As usual, if you want to look at the pictures and menus in finer detail, click on them to take you to the Flickr page, where the "All Sizes" button will show you larger versions.
Annoyingly, when I tried to book a hotel in Chicago for this year's interviews, this time in late November instead of late January, hotel rates were evened out at about $350 a night - about a 200% increase over last year's rates. Thank goodness for Kayak which suggested an extended-stay apartment for much less. However, I still only stayed for 3 nights, and because of wild goose chases (I'm looking at you, Red Hen Bakery, now an abandoned warehouse in the middle of nowhere) and some repetition of visited spots, it still felt like I saw much less. Oh well.
But, I still felt like I hit a jackpot here. I've been at a toss-up of best cheapest lunch between San Francisco's Shalimar and...
... Hot Doug's (3324 N California). I honestly still couldn't tell you; it all depends on your mood. Contrary to popular belief and probably to the disappointment of some more cultured friends I have, I like burgers, fries, and hot dogs. I just like a whole bunch of other stuff too. And when it comes to these drive-in foods, I want some thought and care put into them, not an attempt to sicken me by stuffing more ground beef per cubic centimeter. Anyway. Hot Doug's is all the way in N California street, to a commuter like me only accessible by one or two buses and surrounded by practically NOTHING ELSE of interest.
But look at that. Traffic McDonald's would kill for. A line that extends all the way outside at lunchtime (management pleads that the door must be closed to conserve heat, so stragglers must bear the cold for a little while). Everyone must go here, apparently, and I agree (yes, even you, my more cultured friends).
It's a pity that I missed the frites by a few days. It sounds like something I should try at least once (or fifty times) in my life. I went for the Keira Knightley hot dog. It's named so because it's hot. In a spicy way. I don't know about Keira, she looks like she could break in half at any moment.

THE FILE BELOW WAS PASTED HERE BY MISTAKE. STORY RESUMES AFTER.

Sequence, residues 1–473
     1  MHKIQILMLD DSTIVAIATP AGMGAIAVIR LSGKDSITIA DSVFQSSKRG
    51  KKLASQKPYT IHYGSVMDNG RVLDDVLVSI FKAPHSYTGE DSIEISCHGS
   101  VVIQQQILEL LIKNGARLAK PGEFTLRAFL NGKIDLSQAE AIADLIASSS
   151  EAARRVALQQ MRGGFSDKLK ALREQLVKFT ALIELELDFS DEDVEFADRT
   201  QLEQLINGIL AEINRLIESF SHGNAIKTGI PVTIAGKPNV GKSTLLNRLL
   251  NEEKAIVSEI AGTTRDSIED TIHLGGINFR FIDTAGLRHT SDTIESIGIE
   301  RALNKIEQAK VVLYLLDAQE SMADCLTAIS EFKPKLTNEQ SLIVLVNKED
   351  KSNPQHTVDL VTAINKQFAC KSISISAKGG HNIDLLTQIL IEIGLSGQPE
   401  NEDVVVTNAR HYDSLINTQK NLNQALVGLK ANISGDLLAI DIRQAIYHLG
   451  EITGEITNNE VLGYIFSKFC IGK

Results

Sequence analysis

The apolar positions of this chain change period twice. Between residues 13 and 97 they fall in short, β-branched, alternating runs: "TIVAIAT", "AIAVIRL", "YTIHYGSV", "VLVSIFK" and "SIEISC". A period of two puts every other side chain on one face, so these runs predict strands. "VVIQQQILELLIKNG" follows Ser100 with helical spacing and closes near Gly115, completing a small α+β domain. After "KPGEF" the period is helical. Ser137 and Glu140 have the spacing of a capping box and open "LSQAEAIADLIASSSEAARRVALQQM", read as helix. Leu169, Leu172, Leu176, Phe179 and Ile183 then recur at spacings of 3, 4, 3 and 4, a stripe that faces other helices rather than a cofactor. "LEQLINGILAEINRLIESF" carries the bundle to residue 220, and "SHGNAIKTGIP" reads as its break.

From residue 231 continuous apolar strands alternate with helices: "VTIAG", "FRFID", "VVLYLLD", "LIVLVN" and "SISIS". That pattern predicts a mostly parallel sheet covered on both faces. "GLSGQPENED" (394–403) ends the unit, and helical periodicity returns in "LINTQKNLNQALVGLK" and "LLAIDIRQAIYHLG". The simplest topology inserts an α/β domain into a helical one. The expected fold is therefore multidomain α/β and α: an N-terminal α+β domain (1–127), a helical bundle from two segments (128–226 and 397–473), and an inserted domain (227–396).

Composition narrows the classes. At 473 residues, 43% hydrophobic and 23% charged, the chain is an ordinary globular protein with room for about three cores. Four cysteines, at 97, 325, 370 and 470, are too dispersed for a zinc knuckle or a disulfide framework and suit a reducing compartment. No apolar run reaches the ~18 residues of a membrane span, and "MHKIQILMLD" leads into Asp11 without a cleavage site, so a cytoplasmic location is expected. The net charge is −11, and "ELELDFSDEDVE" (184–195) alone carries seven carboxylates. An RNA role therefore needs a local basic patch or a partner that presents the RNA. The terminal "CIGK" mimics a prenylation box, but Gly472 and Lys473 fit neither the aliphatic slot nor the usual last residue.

But this one is made of much stronger stuff. It's really quite a depressing hot dog in the sense that once it's over, you'll wish there was more to come. I had one with everything on it - except this being Chicago, ketchup was out of the question. Hot Doug's is no sausage nazi, so they actually offer it without guilt, but I thought the hot dog was great without it. Stomach grumbling as I type. Truly the BEST thing about Chicago (hmm, we'll see about Grant Achatz when I can afford a table).
I had to visit Vanille Patisserie again and I still maintain that it is one of the best patisseries in the United States. However, I could tell that they were being stressed by the impending opening of a branch on Clinton Street (I ate at both Clinton and Clybourn), as something about the entremets seemed... Dry. Glacage was a little gummy already. Anyway, I took pictures of all but one of their Fall offerings above.
I had the Manjari (chocolate pots de creme in chocolate mousse bombe) and their signature, Entremet Vanille (sable, coconut lime dacquoise, exotic coulis, white chocolate mousse, vanilla cream, mango glaze).
On my last day in Chicago, the French Market (131 Clinton) opened. There were plenty of artisan shops inside, but I felt like it still needed a little more variety (kudos to the Vietnamese snack store inside), even with its Eurocentricity.